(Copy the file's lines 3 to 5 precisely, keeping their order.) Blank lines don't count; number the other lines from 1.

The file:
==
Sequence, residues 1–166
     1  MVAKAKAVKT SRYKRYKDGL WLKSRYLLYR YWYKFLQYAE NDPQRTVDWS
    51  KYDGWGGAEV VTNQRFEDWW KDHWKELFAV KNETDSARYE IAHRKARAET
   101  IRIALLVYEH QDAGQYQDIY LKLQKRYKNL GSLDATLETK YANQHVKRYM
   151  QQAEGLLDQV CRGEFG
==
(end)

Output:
    51  KYDGWGGAEV VTNQRFEDWW KDHWKELFAV KNETDSARYE IAHRKARAET
   101  IRIALLVYEH QDAGQYQDIY LKLQKRYKNL GSLDATLETK YANQHVKRYM
   151  QQAEGLLDQV CRGEFG